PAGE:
Testing Container Closures

During the manufacturing process of injectable drugs, all pieces and parts need to go through a visual inspection process.  The container, closure, product and final product all need to have individual inspections.  Container closure integrity is extremely important, especially when involved with parenteral drugs.  Parenteral drugs have the highest risk packaging application concern for closure integrity.  Any damage or particle part of a container/ closure, could affect the sterility of the product.  The drug could be effected due to oxidation, particulates, extra moisture entering the product, bacteria and more; all of which lead to serious concerns for the patients’ safety.

In USP <1207> “Package Integrity Evaluation—Sterile Products”, it focuses on the importance of container closure integrity, in addition to what could go wrong if an inspection process is not in place.  Closures are often overlooked, or not inspected as precisely as they should be.  More reliable testing is needed in order to keep parenteral drugs “essentially free” of particles and other toxins.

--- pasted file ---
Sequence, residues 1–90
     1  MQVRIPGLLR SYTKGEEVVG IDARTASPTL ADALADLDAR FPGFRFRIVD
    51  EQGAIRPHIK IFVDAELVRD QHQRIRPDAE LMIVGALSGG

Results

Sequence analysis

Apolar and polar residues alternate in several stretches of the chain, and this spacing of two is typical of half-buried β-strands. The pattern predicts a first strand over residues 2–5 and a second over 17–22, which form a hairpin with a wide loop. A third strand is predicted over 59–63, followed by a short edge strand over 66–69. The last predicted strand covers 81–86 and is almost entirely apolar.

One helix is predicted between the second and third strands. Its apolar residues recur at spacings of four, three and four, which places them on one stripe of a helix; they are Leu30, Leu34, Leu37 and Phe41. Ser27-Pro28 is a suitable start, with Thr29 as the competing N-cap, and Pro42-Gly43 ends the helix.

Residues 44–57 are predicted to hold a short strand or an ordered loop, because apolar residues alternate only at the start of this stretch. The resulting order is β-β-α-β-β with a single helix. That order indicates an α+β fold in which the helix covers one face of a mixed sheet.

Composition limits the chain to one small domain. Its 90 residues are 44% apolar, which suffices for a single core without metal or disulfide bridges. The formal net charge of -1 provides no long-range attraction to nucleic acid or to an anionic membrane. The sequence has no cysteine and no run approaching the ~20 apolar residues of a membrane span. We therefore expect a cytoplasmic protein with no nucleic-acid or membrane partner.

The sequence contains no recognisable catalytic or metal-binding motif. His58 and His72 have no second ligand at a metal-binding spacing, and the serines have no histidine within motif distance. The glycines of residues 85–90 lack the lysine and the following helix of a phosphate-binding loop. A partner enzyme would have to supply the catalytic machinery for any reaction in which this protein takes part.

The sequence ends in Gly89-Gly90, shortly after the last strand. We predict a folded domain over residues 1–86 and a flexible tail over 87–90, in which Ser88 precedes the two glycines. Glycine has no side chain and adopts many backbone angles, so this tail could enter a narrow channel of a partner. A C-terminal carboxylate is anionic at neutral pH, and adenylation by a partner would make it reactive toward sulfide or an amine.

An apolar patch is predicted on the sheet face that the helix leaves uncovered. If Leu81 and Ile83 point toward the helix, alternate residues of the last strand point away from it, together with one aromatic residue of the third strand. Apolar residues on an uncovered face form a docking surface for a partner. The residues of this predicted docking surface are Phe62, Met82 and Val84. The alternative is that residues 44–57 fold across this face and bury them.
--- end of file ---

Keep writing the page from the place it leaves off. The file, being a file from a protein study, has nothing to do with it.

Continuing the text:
One solution to ensure container closure integrity is to move away from methods such as water baths, dye and microbial ingress testing—which are time consuming, and move towards vacuum decay, headspace analysis and high voltage leakage detection.  Vacuum decay and high voltage leakage detection have been proven to be the most reliable non-destructive testing methods.

It is necessary to have the closures tracked and tested, so there is less of a chance for particulates to come into the container with the drug.  If the rules from USP<1207> are violated, it could lead to ruining the process from USP<790> and <1790> visual inspections and particle defects in parenteral drugs.

Keeping track of all data information from these testing methods is important and necessary to prove the inspection process was correct.  With InQuest Science’s Identifier Software, keeping track of all this data will be easy.  Data can’t be altered or falsified.

Read the full articles on Pharmaceutical Online here 

Comments are closed.